This episode begins with an attack ad, which is fitting because my recap starts with an attack. Unlike Doug on a weird side plot with prostitutes, I do not waste any time. How the hell did President Walker get elected in the first place? I find it hard to believe, in the dog-eat-dog (or I guess dog-gets-strangled-in-the-street) Washington in which House of Cards is based, Garrett Walker could even get elected class president at Sidwell Friends.
Given the opportunity to write a POTUS character who could actually keep up with Frank, House of Cards has given us Walker, a man whose voice has only one tone — it sounds like he is rehearsing a speech every time he opens his mouth — and whose only conviction is that he agrees with whoever spoke to him most recently. He has zero point of view, no vision, no ambition that we’ve witnessed except to keep his head above water. Meanwhile, Walker’s wife is frail-seeming, cripplingly insecure, and desperate, grasping at Claire for support like Gretchen Wieners panting at Regina George’s heel. How did this woman ever make it through the campaign?
Maybe this wouldn’t be so problematic if the president were given a real cause to care about, but one of House of Cards’ greatest weaknesses is that it takes place in some context-free, unrecognizable America. What is going on the country, down on the ground? We know the economy is bad and electric bills are high, but we never meet anyone (other than Freddy) who can’t afford to make rent. We know that the president and Frank are Democrats, but we have no idea why, or if either of them even believes in the broadest, most basic platforms of the party. All they talk about is power, but what is it they want to do with this elusive power once they have it?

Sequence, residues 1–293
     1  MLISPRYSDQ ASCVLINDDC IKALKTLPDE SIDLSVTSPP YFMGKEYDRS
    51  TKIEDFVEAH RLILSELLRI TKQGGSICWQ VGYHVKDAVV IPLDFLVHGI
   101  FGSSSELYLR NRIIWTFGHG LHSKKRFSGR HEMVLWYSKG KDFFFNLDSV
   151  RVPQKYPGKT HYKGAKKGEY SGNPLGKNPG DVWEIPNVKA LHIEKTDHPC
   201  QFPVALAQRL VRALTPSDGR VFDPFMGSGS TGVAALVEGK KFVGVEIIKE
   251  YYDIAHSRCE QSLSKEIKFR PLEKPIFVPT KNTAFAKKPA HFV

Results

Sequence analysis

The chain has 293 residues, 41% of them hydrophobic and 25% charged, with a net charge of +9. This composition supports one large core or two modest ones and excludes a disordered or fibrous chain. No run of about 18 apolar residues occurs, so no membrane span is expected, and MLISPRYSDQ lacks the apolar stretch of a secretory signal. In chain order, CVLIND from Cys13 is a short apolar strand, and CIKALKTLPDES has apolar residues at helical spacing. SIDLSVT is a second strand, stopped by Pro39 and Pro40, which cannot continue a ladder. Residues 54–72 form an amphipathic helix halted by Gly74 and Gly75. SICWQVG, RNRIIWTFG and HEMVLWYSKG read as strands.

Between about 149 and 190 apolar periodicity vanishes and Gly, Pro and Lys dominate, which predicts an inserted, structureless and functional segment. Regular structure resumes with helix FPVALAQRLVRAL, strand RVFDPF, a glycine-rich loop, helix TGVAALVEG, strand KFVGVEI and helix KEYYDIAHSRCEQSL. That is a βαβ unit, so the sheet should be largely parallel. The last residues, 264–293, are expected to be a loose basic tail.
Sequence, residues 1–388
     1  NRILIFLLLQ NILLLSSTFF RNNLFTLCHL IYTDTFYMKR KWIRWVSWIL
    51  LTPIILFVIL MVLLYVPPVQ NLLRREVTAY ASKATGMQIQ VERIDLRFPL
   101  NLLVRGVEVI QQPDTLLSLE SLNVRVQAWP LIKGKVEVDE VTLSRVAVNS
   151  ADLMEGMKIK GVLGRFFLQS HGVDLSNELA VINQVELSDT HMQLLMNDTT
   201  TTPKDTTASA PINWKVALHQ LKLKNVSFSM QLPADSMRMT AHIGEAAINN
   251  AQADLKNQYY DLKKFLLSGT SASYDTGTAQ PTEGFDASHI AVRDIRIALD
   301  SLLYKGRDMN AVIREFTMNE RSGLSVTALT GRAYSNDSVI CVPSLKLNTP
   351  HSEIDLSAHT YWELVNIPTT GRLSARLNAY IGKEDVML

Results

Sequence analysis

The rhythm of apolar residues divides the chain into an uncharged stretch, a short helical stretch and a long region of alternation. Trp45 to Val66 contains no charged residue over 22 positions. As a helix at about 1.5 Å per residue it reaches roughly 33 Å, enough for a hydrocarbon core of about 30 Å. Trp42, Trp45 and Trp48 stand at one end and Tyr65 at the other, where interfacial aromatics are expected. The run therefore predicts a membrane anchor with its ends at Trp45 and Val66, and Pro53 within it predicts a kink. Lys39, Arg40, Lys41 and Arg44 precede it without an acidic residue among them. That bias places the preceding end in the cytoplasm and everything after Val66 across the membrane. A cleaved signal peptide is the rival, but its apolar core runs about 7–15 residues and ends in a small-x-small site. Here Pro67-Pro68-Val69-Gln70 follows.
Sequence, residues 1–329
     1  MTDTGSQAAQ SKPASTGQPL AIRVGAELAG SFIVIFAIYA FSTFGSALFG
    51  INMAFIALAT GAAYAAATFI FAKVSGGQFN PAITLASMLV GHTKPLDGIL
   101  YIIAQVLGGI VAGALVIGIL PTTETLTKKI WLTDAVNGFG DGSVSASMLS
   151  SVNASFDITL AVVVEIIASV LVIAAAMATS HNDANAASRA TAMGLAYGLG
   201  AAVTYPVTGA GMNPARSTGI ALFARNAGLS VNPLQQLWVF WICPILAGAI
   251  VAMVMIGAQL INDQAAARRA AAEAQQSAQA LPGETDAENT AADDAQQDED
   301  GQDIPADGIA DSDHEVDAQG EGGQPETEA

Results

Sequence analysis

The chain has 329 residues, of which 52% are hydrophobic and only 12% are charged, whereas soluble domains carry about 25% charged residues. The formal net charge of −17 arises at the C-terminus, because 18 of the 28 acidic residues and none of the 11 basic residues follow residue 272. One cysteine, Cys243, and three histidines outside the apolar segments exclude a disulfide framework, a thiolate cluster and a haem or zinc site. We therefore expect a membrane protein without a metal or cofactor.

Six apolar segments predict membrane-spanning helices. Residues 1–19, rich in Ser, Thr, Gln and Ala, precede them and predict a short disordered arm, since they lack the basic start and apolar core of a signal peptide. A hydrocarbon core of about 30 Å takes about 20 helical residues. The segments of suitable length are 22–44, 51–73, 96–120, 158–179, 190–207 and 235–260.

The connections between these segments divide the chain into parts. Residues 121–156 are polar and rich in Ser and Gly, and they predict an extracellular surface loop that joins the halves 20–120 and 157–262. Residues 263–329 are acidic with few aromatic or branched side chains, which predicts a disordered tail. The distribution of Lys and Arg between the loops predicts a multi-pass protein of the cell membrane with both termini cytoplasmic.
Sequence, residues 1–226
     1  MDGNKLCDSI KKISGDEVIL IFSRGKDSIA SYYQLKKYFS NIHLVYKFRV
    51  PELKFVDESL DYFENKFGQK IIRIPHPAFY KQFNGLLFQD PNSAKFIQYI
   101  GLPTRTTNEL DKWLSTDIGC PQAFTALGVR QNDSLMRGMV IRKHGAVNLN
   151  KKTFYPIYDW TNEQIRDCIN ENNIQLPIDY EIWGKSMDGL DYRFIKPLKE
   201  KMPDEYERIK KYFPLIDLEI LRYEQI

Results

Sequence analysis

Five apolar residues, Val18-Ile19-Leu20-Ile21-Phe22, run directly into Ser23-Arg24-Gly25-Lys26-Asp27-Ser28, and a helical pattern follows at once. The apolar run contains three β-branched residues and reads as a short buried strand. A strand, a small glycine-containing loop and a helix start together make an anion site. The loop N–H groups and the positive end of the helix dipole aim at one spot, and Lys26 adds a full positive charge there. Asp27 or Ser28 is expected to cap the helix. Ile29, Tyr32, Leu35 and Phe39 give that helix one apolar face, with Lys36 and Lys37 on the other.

Instead of tackling any number of legitimately interesting issues — education was an okay starter in the first season; where’s the conversation on health care, employment, gay marriage, equal pay for equal work, the environment, the housing crisis, I could go on — House of Cards takes on the funding of Frank’s Republican opponents in the House. Looks like Raymond Tusk (also conveniently lacking any discernible values, except for money and power) has started funneling his vast wealth to the other team through a labyrinthine path that involves Chinese billionaire Xander Feng, Daniel Lanagin, Lanagin’s casinos, a trip to St. Louis, and multiple trips to Beijing.
The worst part about this plot isn’t that it’s convoluted, although that doesn’t help; it’s that there are absolutely no stakes. The midterm elections? I’m supposed to get fired up about the Democrats losing the House in the midterms, which in the world of the show are still months away, because then we can “say good-bye to 2016” in two years? I barely care about the actual midterm elections. All of this is exacerbated by the fact that Frank, Tusk, and Walker do not care about anything except power, and without knowing what they want power for, it’s hard to get invested in whether or not these kids ever get it. And of course the kicker at the end of all this is, given the way this show is structured, Frank will never meet a foe that could really take him on. The only person as powerful as Frank is Claire, and they’re allies. Think of how much more exciting House of Cards would be if, instead of facing off against Tusk or Walker, Frank had a worthy opponent.